ULTRA AUDIO -- Archived Article

December 1, 2004

Controlling Brightness

The first step in becoming an audiophile is to learn the lingo. Many different terms are used to describe the characteristics of the sounds emanating from our equipment. Many of these terms are borrowed from other senses: touch (e.g., brittle or hard), taste (e.g., sweet), even smell (e.g., stinks). Most audio terms, however, come from the seemingly universally understood sense of sight.

The term brightness is one of the more commonly used audio descriptors for an all-too-common problem. To hear one’s system described as "bright" is the kiss of death, even if your system is otherwise excellent. In fact, it is the pursuit of such audiophile virtues as "focus," "detail," and "resolution" that has led many an audiophile down the road to brightness and perdition, for these virtues are frequently accompanied by brightness.

What constitutes a "bright" sound, and what causes it? For such a common ailment, there is remarkably little actual description of the problem to be found in the literature; the best I can offer are my own interpretations.

A system sounds bright when there is too much treble energy relative to the rest of the frequency range, or when certain peaks in the high frequencies are unnaturally strong. It is rare, however, that brightness problems can be solved by the use of tone controls or an equalizer. A more common cause of brightness is high frequencies that are compressed, confused, smeared, or otherwise distorted.

Many of the highest-frequency musical sounds come from percussion instruments such as cymbals. Get the upper range right, and the complex highs of the cymbal have a weight and articulation and are pleasant to the ear. Get it wrong, and the whole presentation is compromised by bright, irritating hash. Many lower-frequency instruments and sounds also depend on an accurate rendering of the highs -- even the bass, which will sound lifeless and dull without good high-frequency reproduction.

The first thing you can do to avoid a bright sound is to not, under any circumstances, buy a component that sounds bright. However detailed it may sound, however good the imaging is, however thrilled you are at being able to hear the roadies scratching themselves in the background, don’t do it. Bright components can be exciting in the short term and painful in the long term. Just about any component can impart brightness to a system: interconnects, speaker wires, power cords, CD players, amplifiers, individual tubes, and speakers.

This is not very consoling to those who have already purchased one or more components that tend toward brightness. Don’t despair -- countermeasures exist. If your problem is a sound that is not only bright but is thin or light as well, you may need to first address a lack of bass or midbass. Changing an amplifier’s tubes can make a world of difference, as can different power cords, interconnects, and speakers. I tried the top-of-the-line Transparent PowerLink MM aftermarket AC cord; it’s very expensive, but it knocked my socks off with its tremendous bass and solidity.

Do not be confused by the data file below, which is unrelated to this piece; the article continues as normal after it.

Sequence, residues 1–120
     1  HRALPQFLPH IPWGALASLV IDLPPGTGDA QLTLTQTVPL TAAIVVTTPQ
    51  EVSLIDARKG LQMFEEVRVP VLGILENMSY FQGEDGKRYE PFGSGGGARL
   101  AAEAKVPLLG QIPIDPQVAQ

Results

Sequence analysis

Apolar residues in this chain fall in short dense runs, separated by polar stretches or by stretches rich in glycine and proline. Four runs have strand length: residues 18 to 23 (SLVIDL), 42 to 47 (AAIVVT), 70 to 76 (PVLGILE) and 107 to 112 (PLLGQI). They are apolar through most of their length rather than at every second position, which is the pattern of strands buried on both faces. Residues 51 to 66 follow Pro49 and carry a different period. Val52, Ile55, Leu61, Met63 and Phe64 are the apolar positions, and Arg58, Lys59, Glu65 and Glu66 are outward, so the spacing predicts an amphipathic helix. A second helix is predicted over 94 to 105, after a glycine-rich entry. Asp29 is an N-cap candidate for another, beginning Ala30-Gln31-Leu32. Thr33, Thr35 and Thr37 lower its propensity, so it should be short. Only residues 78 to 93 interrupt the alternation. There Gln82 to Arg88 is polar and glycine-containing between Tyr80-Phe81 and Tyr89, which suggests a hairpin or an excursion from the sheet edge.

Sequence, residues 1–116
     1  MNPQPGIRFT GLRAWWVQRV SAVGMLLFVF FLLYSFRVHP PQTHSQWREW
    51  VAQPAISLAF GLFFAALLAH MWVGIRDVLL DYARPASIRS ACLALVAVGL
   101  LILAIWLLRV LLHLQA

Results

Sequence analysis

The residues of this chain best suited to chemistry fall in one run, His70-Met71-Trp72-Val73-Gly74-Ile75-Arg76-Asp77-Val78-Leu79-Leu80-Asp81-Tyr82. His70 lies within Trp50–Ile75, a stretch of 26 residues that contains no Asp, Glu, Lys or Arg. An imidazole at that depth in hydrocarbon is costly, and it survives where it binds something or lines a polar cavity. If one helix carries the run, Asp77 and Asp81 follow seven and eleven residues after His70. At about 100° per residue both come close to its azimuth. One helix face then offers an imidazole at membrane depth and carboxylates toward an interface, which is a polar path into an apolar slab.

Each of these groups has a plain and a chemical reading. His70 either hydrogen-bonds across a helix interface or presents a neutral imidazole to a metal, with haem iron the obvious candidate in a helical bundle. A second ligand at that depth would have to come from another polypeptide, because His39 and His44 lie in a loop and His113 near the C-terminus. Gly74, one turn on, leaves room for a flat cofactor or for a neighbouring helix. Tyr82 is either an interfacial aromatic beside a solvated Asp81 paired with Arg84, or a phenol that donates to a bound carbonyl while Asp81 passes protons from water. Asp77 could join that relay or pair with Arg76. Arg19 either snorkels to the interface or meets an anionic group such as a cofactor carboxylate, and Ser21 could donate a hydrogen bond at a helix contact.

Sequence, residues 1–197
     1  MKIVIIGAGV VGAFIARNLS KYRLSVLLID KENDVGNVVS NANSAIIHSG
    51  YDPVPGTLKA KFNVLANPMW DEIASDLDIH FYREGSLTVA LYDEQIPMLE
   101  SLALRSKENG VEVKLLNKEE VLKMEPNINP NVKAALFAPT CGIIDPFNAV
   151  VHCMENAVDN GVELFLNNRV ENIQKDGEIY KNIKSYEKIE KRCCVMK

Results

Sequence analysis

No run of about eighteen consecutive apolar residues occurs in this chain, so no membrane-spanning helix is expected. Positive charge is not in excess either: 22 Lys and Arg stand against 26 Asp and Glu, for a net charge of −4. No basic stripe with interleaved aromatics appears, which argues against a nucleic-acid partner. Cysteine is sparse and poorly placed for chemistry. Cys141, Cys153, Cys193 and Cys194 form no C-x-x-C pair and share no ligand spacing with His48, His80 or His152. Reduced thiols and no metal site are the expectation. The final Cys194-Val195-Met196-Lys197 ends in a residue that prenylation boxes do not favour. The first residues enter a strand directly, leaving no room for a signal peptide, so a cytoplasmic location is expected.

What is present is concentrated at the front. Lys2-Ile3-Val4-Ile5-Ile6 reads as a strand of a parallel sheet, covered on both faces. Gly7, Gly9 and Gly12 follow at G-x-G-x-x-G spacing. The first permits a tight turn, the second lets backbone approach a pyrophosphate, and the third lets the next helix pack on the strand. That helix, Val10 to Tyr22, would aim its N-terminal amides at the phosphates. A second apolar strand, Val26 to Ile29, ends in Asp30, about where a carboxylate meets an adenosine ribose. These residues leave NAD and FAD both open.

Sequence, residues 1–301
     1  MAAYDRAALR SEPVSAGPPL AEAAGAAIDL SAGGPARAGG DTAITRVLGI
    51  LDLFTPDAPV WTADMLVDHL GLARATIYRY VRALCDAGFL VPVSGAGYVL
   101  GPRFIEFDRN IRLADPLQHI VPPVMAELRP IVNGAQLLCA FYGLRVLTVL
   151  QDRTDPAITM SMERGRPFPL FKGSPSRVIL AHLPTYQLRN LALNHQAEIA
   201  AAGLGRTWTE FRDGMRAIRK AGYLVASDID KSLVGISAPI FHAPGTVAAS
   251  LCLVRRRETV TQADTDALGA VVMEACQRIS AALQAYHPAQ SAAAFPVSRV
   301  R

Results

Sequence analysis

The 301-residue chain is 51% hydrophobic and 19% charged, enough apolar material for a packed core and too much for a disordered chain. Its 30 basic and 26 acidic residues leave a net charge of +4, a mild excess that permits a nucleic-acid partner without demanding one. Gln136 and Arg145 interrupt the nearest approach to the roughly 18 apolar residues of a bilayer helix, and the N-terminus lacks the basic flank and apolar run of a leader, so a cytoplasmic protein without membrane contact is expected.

CD players, particularly older or less refined models, can be deadly sources of a kind of brightness nicknamed digititis. This can be particularly pricey to fix; the finest digital sources comprise costly separate disc transports and digital-to-analog converters. Ultimately, the highs seem to be the easiest frequencies to muck up because of their delicacy, their speed, and the large frequency separation between musical tones in the higher registers.

Vibration control is a popular way to address brightness. To this end, many different types of supports -- metal cones, rolling balls, rubber feet -- and isolation platforms and shelves are available, not to mention various magnetic and nonmagnetic objects to be placed atop your components, where they damp vibrations, absorb EMF, etc.

I’ve tried many of these accessories, and I’ve been generally disappointed in the results. I’m not saying they don’t work -- they clearly shift the component’s resonant frequency around, usually downward, particularly when more mass is added to the component. This can tame the highs, but it also tends to roll them off with a loss of extension and "air." It also moves the grunge downward into the mids, with undesirable results in that region. Cone feet have more complex effects, but they still shift the resonances around. Still, I’ve found that vibration-control devices in general cause a loss of the balance of resonances intended by the manufacturer of the component(s). If you’re using any of these treatments, try removing them and see if you get a feeling of relief.

Tubes can be grossly microphonic -- tap them with a pencil and you can often hear the tapping through your speakers. And when I tried some weighted rings that fit over the tube envelopes, I heard the frequency-downshifting phenomenon described above. It got me to thinking: How could I damp the vibration of the tube envelope without making it heavier? My answer was to attach bolts around the circumference of the rigid tube guards on my KR amplifier; I could then carefully tighten down the bolts, thus more rigidly coupling the tubes to the envelope and the envelope to the amp’s massive steel frame. I applied a similar solution to the small input tubes, using metal tabs to hold them against the tube guards.

It worked famously. Here at last were the liquid, soaring highs I’d always dreamed of. The greater rigidity of this arrangement probably shifted unwanted resonances not down but up, out of the range of human hearing. The downside is that my amplifier now looks as if it has a set of propellers on it and is about to take off. Ah, well; such is the price of good sound.

...Ross Mantle

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